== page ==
Basics of Computer Networks

Topics: OSI model, Computer network, Ethernet Pages: 9 (2856 words) Published: January 26, 2014
Question 1:

Define and explain the following terminologies:
Computer network;
Personal area networks;
Local area networks;
Metropolitan area networks;
Wide area networks;
Data communications;
Multiplexing;
Network management.

Computer network:
A computer network is an interconnection of devices, generally computing assets in this case via physical wires or wireless mediums that use radio waves. This interconnection allows for the transmission of data and information from one point of the network to the other over given distances. This could refer to a microcomputer-to-local area network layout in which a client/server system is used. For instance a computer network in a small office would consist of client or user devices that send read or write requests to shared software resources residing on a central office server that connects several users in the office via connection points residing on a switch/s allowing multiple workstations to connect and access these resources. Personal area networks (PANs)

A personal area network is one that is limited to a few meters in relation to an individual user when using a wireless device such as a personal digital assistants (PDAs) and laptops for example. This could refer to a personal area network-to-workstation layout in which wireless transmissions are used for devices such as PDA’s, laptops, and portable music players to transfer or retrieve voice, data, and music to and from devices and/or workstations. For instance, an individual user may, after taking photos send the photo images via blue tooth to a blue tooth-enabled workstation. Local area networks (LANs)

This is a small computer network, spanning between relatively short geographic distances such as a room, floor, building, or campus. One may find desktop computers leveraging a centralized LAN in an office that provides internal and external intercommunication where necessary. This could refer to a local area network-to-local area network layout in which a client/server system between two departments, buildings, floors or even campuses may be used. For instance a company that is trying to save costs on purchasing new printers for each department can consolidate and share printing services on a print server by connecting separated department LANs that interconnect. Metropolitan area networks (MANs)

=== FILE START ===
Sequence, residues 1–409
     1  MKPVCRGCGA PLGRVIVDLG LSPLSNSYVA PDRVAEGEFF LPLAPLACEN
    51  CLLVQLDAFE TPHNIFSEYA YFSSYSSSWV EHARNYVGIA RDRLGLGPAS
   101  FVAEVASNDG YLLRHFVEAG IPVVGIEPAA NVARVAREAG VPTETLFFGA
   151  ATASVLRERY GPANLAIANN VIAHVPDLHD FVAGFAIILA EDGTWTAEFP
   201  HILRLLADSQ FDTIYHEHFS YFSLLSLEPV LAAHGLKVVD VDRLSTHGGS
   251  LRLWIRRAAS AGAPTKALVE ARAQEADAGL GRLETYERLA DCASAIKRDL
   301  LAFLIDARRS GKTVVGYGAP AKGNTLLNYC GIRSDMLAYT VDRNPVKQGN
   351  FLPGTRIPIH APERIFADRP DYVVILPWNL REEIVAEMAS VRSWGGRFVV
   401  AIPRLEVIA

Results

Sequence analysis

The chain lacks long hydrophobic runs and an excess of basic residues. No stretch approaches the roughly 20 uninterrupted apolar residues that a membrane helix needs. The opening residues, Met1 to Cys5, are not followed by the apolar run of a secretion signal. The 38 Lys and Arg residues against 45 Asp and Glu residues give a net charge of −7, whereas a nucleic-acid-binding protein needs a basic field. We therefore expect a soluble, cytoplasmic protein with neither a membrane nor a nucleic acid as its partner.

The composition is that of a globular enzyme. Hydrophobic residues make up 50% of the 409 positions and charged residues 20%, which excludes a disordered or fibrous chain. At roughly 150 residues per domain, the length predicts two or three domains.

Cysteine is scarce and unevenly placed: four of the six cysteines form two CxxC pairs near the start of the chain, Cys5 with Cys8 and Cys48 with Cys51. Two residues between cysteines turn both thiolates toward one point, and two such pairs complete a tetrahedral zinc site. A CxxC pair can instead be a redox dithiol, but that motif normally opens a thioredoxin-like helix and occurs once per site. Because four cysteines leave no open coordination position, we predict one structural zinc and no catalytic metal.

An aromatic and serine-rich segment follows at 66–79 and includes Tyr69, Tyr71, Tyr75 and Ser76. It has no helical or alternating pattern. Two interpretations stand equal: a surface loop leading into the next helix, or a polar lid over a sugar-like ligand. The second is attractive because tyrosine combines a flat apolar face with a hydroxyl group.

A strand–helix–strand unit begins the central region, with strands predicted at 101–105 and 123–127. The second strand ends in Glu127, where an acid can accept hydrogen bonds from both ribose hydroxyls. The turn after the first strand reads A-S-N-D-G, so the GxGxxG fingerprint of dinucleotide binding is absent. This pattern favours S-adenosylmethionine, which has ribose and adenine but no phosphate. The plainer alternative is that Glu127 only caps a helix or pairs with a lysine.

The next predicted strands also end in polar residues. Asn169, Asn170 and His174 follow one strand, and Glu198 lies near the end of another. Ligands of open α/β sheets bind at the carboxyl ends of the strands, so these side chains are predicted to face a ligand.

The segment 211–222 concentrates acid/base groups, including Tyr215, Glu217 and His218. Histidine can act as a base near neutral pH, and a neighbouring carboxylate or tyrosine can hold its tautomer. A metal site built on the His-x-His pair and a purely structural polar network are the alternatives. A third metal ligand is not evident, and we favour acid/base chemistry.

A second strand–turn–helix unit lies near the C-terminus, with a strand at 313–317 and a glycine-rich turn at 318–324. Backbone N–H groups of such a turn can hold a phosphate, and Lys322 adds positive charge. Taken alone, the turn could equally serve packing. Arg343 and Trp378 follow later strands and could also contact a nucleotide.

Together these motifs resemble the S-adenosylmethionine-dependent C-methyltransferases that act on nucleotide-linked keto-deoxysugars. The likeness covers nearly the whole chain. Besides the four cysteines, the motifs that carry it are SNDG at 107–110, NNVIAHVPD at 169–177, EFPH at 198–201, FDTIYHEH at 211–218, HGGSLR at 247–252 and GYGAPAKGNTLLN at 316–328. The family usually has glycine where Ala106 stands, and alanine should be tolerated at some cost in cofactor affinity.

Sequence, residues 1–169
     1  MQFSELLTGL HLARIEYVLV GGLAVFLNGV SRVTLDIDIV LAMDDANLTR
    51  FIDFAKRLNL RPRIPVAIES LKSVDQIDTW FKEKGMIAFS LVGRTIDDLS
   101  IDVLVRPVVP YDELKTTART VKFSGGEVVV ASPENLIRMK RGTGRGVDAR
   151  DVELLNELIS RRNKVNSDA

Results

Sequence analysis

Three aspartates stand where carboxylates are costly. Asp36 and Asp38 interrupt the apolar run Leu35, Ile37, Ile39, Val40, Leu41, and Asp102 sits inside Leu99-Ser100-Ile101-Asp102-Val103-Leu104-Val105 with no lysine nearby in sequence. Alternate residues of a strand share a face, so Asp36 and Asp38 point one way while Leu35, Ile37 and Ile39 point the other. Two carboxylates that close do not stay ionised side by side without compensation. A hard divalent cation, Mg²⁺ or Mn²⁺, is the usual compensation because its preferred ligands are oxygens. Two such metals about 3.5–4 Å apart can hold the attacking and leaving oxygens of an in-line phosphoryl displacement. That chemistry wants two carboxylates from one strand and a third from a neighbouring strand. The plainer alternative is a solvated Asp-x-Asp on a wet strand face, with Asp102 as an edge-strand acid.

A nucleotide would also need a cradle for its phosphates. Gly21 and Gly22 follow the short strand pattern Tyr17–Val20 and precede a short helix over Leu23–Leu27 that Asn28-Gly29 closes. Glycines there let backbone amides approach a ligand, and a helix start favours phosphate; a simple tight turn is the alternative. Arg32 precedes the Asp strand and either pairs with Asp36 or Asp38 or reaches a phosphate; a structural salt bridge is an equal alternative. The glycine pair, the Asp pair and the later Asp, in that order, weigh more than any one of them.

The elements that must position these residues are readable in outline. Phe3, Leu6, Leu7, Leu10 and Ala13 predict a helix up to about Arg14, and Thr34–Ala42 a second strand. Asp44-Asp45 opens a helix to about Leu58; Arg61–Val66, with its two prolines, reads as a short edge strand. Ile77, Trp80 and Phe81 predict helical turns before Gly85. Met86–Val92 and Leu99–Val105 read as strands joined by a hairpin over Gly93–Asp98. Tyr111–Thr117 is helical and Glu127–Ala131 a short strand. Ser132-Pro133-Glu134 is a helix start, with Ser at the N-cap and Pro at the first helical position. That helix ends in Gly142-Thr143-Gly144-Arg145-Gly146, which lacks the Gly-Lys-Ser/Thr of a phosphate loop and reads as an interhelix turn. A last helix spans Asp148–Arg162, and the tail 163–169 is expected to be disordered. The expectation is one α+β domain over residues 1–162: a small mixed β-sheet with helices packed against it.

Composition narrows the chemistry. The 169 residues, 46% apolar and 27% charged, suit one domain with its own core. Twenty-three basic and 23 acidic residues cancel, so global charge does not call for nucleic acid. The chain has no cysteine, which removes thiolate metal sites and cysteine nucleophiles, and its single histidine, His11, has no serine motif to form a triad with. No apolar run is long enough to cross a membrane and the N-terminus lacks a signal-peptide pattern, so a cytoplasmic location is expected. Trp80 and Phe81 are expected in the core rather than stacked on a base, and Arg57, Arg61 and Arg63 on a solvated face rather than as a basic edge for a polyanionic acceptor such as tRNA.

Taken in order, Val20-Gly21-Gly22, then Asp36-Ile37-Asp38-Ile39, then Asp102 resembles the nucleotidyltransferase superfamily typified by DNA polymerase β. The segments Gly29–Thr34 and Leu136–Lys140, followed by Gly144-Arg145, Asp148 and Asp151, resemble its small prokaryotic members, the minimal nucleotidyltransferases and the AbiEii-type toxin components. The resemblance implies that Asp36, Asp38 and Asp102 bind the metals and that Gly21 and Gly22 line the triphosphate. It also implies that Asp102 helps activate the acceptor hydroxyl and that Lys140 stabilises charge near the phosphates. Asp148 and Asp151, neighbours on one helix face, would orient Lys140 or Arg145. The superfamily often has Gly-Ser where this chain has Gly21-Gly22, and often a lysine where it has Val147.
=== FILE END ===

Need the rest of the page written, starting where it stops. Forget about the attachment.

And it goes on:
Networks that interconnect business between each other as well as the internet and also span distance of up to 50 kilometres are MANs. This could refer to a local area network-to-metropolitan area network layout which uses high speed fiber-optic links to interconnect between client/server LAN layouts over a long distance and to connect to services located at an Internet Service Provider. For instance a company that runs some of its software on servers that are hosted on the premises of an Internet Service Provider may use a MAN to have access to these services that are hosted off site. Wide area networks (WANs)

This is a larger deployment of a MAN where interconnections of computer networks span across geographic locations such as cities, multiple states/provinces, and the world. This could refer to a wide area network-to-wide area network layout which uses high speed routers and switches to transport TCP/IP data packets on the internet from one IP address from one far end of the world to the other e.g. Making video conference call via Skype from South Africa to Australia leverages high speed computer networking equipment to ensure quality of such live streaming technologies over wide area network distances. Data communications

Data communications refers to the transfer of digital or analog data using digital or analog signals where such signals are then transmitted over conducted or wireless media. Such data communications are carried out over different topologies of computer network layouts such as PANs, LANs, WANs, MANs etc. These communications consist of a sender (the computer device that generates data...
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